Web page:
It is relatively difficult to travel to and cruise other fiords than Milford and Doubtful Sounds.
However, there are a few operators that offer trips to Dusky and Breaksea Sounds, as well as to Preservation Inlet, and to more northern fiords.
In winter (May, August) there is a nice selection of tours available on the Milford Wanderer, operatred by RealJourneys:
You should also check out what is on offer with Fiordland Ecology Holidays. They have scheduled and charter cruises along the coast and into the fiords, including Dusky and Breaksea Sounds.
Also regular cruises around NZ lead around the fiords. However, those cruise ships stay outside the fiords, you would have to book extra trips into the fiords, if available.
I think cost-wise the winter cruises on the Milford Wanderer are the best option.
The trips start in Te Anau/Manapouri - nothing in the north, like Haast or Jacksons Bay.
For other tour operators and options, you best contact the tourist info in Te Anau:
A question that comes up in the Forum permanently is:
Milford or Doubtful Sound?
Here is a little write up:
I have been to Doubtful Sound once, and twice to Milford Sound. If you have not been to Milford Sound you have missed it all somehow. Already standing at the wharf, you get an unparalleled view.
Doubtful Sound is quieter and huuuuge and more monotonous, the bus drive between Lake Manapouri and the Sound is quite something. I really wanted to love Doubtful Sound more than Milford Sound due to its uniqueness and remoteness - but just could not. The snowcapped peaks at Milford Sound make the views much more dramatic. And already the drive to Milford Sound can only be described by one word: magic.
Plus: You can make so many side trips from the Milford Road at your own pace, short and long walks. You can stop at every lookout, the views are dramatic. On the Doubtful Sound bus trip I found the stop at Wilmot Pass with the view down to the fiord amazing, the rest was more or less through beech forest.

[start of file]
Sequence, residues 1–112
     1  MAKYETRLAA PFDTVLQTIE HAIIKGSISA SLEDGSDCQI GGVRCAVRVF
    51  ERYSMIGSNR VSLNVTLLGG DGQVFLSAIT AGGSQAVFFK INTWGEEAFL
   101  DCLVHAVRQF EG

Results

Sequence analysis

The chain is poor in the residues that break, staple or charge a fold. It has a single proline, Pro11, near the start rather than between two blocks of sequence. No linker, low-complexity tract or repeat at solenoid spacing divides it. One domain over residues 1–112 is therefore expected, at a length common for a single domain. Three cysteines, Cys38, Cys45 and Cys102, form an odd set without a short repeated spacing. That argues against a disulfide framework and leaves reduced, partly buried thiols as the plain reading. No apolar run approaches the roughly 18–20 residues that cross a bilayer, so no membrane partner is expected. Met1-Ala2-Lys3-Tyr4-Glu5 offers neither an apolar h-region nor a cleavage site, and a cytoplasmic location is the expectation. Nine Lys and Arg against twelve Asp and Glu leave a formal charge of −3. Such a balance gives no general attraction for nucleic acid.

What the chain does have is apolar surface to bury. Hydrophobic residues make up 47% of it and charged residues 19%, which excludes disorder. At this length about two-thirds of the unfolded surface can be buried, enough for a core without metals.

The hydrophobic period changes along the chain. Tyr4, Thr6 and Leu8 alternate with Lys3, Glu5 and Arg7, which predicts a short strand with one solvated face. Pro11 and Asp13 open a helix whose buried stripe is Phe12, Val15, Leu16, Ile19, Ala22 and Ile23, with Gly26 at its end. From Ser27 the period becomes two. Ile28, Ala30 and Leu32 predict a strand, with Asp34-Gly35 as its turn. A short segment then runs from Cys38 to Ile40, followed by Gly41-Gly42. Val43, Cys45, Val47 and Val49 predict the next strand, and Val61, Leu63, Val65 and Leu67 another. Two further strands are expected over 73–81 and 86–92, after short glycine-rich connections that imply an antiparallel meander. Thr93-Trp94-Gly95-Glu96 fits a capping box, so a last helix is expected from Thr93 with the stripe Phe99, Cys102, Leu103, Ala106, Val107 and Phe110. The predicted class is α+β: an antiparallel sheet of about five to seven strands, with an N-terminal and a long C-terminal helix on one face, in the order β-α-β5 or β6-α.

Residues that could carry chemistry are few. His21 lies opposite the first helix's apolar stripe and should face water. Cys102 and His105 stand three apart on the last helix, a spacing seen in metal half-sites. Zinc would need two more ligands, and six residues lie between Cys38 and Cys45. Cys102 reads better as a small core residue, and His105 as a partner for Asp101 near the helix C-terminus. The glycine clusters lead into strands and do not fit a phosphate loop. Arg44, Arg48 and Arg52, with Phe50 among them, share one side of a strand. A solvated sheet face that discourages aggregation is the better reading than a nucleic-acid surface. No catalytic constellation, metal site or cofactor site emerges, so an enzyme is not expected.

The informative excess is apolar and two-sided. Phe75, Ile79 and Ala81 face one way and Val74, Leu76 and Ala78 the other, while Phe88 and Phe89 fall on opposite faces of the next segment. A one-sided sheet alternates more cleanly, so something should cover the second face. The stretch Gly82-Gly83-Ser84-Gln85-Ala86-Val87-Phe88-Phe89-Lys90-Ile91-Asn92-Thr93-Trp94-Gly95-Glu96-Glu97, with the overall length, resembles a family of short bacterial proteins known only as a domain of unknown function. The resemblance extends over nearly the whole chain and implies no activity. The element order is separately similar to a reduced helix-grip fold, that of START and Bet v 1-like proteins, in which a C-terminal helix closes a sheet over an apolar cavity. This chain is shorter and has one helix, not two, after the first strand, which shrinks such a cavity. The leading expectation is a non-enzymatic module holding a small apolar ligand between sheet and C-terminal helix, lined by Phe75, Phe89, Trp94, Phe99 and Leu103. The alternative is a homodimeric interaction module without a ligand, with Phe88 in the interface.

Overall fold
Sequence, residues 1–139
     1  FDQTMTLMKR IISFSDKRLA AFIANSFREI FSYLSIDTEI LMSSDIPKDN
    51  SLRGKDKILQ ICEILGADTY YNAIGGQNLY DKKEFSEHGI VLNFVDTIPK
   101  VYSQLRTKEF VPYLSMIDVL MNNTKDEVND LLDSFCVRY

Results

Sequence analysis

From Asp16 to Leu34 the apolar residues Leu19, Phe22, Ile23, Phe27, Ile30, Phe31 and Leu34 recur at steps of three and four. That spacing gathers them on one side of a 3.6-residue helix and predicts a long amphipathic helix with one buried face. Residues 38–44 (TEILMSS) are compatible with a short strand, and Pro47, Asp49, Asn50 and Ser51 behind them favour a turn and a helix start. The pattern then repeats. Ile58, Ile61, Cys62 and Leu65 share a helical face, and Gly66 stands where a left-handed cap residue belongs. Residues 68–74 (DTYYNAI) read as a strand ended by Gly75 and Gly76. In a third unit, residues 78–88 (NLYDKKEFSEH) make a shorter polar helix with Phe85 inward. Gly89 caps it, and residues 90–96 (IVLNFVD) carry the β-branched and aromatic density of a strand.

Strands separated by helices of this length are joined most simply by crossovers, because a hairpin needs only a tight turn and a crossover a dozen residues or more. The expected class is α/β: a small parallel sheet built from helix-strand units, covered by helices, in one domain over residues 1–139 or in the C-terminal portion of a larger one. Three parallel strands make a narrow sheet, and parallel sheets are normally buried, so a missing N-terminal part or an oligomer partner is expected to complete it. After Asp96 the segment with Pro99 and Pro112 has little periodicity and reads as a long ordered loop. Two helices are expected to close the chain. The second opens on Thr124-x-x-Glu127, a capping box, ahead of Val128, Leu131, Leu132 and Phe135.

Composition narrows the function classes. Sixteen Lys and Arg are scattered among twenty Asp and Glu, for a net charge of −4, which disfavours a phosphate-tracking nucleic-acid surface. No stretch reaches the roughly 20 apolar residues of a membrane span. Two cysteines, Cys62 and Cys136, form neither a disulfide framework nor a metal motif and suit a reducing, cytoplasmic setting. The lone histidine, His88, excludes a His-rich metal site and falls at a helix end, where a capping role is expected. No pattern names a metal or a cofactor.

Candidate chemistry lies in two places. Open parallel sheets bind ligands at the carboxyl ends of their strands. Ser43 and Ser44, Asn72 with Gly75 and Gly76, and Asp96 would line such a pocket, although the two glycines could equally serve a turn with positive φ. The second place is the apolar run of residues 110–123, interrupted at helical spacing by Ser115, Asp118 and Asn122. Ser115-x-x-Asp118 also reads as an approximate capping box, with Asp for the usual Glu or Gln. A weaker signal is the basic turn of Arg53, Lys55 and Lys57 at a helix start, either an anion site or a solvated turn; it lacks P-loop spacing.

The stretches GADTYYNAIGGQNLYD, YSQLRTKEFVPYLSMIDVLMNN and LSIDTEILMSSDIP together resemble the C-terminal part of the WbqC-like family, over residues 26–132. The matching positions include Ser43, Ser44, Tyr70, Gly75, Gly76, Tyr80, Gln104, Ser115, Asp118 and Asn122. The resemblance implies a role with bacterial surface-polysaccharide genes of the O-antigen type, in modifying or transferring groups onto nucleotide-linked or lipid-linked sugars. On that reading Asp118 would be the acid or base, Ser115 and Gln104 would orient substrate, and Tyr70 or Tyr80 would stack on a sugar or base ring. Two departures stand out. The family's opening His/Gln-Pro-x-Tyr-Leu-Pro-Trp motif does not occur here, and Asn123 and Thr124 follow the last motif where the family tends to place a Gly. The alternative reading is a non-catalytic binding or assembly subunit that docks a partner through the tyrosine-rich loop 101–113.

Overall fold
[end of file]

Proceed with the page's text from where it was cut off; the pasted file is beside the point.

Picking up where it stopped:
Every time we went to Milford Sound we went on an early cruise on a small boat, once with Red Boats, last time with Mitre Peak Cruises. 9am or 10am is good enough. We started at Te Anau at 7am and drove to M.S. at a leisurely pace, stopped many times, and went on the 10am cruise. There was not a single bus, just some cars. So it was not a touristy feel at all. When we came back from the cruise at around noon, the carpark was full of tour buses. But that was when we left. On the way back we made one 3 hour walk and several short ones. It added to the experience, and apart from the cruise with just a few fellow travellers we did not meet a lot of people, or just every now and then, whereas on a Doubtful Sound cruise you are always with a busload of other travellers.
We found the wildlife experiences at Milford Sound more interesting than at Doubtful Sound where you rarely heard a bird sing. Of course, this will vary from day to day, and the luck will turn.
A kayak tour might be different.
But again, if I have to choose just one of the two fiords, I would always choose Milford Sound.
And just a final word about the cost:
Cruises on Milford Sound are about NZ$ 70, more during the peak hours, as you can do the driving all by yourself, and the petrol for the return trip should not cost you more than NZ$ 20. For a Doubtful Sound day cruise you pay NZ$ 260 in summer and just about NZ$ 200 in winter.
If you can afford the time, do visit Te Anau's amazing Glowworm Caves, which is on the western side of Lake Te Anau. The few travel agencies in Te Anau all provide daily trips (once daily during off-peak and twice daily during peak) to the cave at prices of around NZ$45 each.
I recommend the evening trip for star gazers as the trip back from the glowworm caves during the night provides for unobstructed view of the stars from the top deck of the catamaran.
To summarise the experience of my visit to the glowworm caves in one word, I think "magical" would be it.
When I was looking up at the hundreds or thousands (or maybe even millions) of glowworms giving off their ethereal blue green light, it felt like I was in a tiny galaxy system. And not only that, the short trip to the glowworm grotto through the 15,000 years old cave system was also interesting, especially for city-dwellers like me.
The silence experienced within the cave was unreal, but also strangely comforting.
The culinary highlight for this region would be dining alfresco on the edge of Lake Te Anau - try fine New Zealand lamb or cervena (New Zealand venison), perfectly prepared with maybe a hint of Tuscany or an Asian influence.
The township of Te Anau offers a wide range of cafes and restaurants catering for all budgets. You can get everything from all day breakfasts and extra long lunches to gourmet dining worthy of the best clothes you've packed in your suitcase.
In Manapouri you'll find excellent cafe and restaurant dining with spectacular views of the lake and the famous Cathedral Mountains.
When you're perusing the local menus, keep an eye out for New Zealand salmon, rock lobster (crayfish), mussels, scallops, blue cod and perfectly tender local beef, lamb or cervena (New Zealand venison). International cravings are catered for with mouth watering Italian pasta and pizza and exquisite Chinese dishes.
Fine New Zealand wines, particularly from the Central Otago and Marlborough regions, are available at most restaurants. In some cases you can BYO (bring your own). Local wine shops carry a comprehensive range.